Hans Oesterholt > Tie-Cfg-0.32 > Tie::Cfg

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Module Version: 0.32   Source  

NAME ^

Tie::Cfg - Ties simple configuration (.ini) files to hashes. Handles arrays and recurrent sections.

WARNING ^

This version breaks previous versions as the default mode is '.ini' mode.

SYNOPSIS ^

  use Tie::Cfg;
  
  ### Sample 1

  tie my %conf, 'Tie::Cfg',
    READ   => "/etc/connect.cfg",
    WRITE  => "/etc/connect.cfg",
    MODE   => 0600,
    LOCK   => 1;

  $conf{test}="this is a test";

  untie %conf;
  
  ### Sample 2

  my $limit="10000k";

  tie my %files, 'Tie::Cfg',
    READ  => "find $dirs -xdev -type f -size +$limit -printf \"%h/%f:%k\\n\" |", SEP => ':';

  if (exists $files{"/etc/passwd"}) {
    print "You've got a /etc/passwd file!\n";
  }

  while (($file,$size) = each %newdb) {
    print "Wow! Another file bigger than $limit ($size)\n";
  }
  
  untie %files;
  
  ### Sample 3
  
  tie my %cfg, 'Tie::Cfg', READ => "config.cfg", WRITE => "config.cfg", SEP => ':', COMMENT => '#';
  
  my $counter=$cfg{"counter"};
  $counter+=1;
  $cfg{"counter"}=$counter;
  $cfg{"counter"}+=1;
  
  untie %cfg;
  
  ### Reading and writing an INI file
  
  tie my %ini, 'Tie::Cfg', READ => "config.ini", WRITE => "config.ini";
  
  my $counter=$ini{"section1"|{"counter1"};
  $counter+=1;
  $ini{"section1"}{"counter1"}=$counter;

  untie %ini;

  ### INI file with subsections
  
  tie my %ini, 'Tie::Cfg', READ => "config.ini";
  
  my $counter=$ini{"section1"}{"counter1"};
  $counter+=1;
  $ini{"section1"}{"counter1"}=$counter;
  
  $ini{"section1"}{"subsection1"}{"parameter"}="value";
  
  my @array;
  for(1..10) { push @array,$_; }
  $ini{"section1"}{"array"}{"a"}=@array;

  untie %ini;

  ### CHANGE option

  tie my %paths, 'Tie::Cfg', READ => "paths.ini", 
                             CHANGE => [ "s/PREFIX/$myprefix/", "s/CONF/$myconfidir/" ];

  # Do something here
  
  untie %paths;

DESCRIPTION ^

This module reads in a configuration file at 'tie' and writes it at 'untie'.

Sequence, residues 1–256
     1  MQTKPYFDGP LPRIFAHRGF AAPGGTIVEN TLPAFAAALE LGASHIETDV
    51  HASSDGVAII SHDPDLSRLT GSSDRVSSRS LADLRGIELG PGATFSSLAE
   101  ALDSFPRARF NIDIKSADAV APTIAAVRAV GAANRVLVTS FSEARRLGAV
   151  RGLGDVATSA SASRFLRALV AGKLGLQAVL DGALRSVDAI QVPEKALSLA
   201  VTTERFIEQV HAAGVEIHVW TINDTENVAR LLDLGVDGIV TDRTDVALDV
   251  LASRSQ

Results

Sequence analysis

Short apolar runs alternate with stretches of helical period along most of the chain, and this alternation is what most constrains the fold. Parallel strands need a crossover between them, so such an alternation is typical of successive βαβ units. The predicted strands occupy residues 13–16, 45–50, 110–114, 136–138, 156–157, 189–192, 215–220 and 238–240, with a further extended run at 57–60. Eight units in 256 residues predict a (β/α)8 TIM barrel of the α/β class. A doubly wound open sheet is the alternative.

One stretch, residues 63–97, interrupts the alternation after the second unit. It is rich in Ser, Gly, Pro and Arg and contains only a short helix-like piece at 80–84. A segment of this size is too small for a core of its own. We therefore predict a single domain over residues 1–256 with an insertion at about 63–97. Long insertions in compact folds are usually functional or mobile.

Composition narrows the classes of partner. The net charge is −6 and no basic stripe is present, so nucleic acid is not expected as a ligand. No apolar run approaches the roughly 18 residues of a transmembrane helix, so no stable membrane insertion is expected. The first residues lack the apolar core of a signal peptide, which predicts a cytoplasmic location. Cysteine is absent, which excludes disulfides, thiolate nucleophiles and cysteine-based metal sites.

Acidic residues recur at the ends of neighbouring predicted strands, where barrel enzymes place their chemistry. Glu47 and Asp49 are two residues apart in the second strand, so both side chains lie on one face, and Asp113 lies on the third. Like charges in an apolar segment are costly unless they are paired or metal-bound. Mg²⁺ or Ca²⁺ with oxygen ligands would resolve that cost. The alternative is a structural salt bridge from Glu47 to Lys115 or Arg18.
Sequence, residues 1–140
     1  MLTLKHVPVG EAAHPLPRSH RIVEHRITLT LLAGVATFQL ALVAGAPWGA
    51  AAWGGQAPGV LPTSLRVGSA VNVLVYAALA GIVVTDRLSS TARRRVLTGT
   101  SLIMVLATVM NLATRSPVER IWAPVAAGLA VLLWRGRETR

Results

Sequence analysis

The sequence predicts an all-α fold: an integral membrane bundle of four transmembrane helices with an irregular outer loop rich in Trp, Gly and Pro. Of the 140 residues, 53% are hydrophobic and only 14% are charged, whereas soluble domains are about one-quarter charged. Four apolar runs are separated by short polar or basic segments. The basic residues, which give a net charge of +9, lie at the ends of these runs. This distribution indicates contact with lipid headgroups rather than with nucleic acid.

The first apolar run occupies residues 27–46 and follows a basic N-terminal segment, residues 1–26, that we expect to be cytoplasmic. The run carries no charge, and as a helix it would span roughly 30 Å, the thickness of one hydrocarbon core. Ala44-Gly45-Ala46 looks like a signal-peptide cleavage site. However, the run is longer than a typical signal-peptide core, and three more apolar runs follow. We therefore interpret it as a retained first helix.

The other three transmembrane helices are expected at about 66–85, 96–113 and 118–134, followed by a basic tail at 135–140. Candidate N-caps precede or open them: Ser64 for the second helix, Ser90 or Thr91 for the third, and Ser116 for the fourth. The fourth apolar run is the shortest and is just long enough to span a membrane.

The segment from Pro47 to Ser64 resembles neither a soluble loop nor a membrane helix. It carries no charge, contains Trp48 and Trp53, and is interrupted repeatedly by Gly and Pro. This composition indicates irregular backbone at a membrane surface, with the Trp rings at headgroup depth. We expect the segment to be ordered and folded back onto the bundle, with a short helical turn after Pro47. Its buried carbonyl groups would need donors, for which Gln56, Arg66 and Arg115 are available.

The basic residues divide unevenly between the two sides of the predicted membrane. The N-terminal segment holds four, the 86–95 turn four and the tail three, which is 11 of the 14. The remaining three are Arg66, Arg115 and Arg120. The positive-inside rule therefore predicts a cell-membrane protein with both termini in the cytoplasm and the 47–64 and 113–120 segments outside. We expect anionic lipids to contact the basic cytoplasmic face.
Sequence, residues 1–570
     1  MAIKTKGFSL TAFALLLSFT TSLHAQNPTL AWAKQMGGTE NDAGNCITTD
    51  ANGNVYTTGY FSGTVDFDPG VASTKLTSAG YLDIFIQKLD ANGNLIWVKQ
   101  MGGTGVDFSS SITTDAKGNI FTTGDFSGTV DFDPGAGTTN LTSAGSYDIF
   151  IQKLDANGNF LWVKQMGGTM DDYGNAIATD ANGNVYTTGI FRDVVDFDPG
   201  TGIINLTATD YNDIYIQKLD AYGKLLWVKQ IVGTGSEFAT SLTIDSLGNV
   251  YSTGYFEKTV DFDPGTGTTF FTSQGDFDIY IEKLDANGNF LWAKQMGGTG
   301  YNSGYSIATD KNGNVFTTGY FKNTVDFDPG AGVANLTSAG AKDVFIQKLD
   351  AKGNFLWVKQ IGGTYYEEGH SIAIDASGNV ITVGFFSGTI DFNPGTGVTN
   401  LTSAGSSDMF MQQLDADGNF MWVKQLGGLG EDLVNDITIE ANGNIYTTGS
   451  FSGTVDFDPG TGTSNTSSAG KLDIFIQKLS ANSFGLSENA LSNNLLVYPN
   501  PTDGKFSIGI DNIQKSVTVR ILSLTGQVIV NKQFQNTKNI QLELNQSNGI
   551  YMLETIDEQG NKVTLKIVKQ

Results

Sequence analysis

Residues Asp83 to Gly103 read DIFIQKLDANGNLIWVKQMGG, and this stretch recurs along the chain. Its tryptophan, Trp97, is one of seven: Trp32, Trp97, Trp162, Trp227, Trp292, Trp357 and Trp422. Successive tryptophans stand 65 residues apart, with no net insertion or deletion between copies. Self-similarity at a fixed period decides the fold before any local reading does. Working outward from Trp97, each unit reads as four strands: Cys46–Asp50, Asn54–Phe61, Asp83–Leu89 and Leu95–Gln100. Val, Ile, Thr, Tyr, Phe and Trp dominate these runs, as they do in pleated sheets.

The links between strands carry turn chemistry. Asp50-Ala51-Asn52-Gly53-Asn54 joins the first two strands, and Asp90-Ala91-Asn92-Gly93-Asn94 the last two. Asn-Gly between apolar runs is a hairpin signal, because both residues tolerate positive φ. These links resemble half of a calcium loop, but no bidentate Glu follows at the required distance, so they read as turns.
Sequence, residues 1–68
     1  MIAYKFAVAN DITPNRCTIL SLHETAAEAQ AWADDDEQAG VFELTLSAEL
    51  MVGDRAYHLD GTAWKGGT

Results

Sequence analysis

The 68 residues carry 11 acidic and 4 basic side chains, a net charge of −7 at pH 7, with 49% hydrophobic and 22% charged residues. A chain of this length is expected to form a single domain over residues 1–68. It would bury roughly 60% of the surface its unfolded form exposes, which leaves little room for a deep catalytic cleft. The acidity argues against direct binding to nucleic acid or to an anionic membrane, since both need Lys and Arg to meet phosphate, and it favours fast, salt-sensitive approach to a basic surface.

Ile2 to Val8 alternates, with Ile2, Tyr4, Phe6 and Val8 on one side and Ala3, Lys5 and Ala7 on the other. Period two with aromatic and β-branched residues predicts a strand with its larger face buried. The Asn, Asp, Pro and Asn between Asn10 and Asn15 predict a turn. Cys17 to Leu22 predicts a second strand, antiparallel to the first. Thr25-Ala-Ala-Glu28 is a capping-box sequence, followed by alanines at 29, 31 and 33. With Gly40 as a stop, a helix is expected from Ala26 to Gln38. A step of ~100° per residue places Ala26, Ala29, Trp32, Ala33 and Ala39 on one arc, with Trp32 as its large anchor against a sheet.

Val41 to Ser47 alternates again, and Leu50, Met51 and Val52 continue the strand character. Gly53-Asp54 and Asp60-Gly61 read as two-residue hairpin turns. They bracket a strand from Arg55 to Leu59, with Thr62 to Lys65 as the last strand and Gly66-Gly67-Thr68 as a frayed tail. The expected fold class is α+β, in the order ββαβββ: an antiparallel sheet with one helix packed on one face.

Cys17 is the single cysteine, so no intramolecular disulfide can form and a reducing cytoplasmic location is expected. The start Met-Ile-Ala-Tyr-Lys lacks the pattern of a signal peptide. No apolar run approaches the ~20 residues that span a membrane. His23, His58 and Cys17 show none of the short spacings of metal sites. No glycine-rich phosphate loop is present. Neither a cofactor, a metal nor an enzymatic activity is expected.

You can use file locking to prevent others from accessing the configuration file, but this should only be used if the configuration file is used as a small data file to hold a few entries that can be concurrently accessed. Note! In this case a persistent ".lock" file will be created.

Mode is used to set access permissions; defaults to 0640. It's only set if a file should be written (i.e. using the WRITE keyword).

INIMODE lets you choose between Windows alike .ini configuration files and simple key[:=]value entried files.

Sections are addressed using a hash within a hash: For a tied %cfg the assignment:

  $cfg{"section"}{"key"}="value"

will write in the configuration file:

  [section]
  key=value

Keys that end on [\[][0-9]+[\]] will be interpreted as arrays and will show up in the tied hash as an array element. For example:

  [array-section]
  var[0]=1
  var[1]=2
  var[2]=3

will show up in a tied %cfg hash like:

  for (0..2) {
    print $cfg{"array-section"}{"var"}[$_],"\n";
  }

Hashes of hashes are permitted:

        $cfg{"key"}{"subkey"}{"subsubkey"}{"subsubsubkey"}{"par"}="value";

will show up in the configuration file as:

        [key.subkey.subsubkey.subsubsubkey]
        par=value

PREREQUISITE ^

Perl's Version >= 5.6.0! Please don't test this module with anything earlier.

AUTHOR ^

Hans Oesterholt-Dijkema <hans@oesterholt-dijkema.emailt.nl>

BUGS ^

Probably.

LICENCE ^

Perl.

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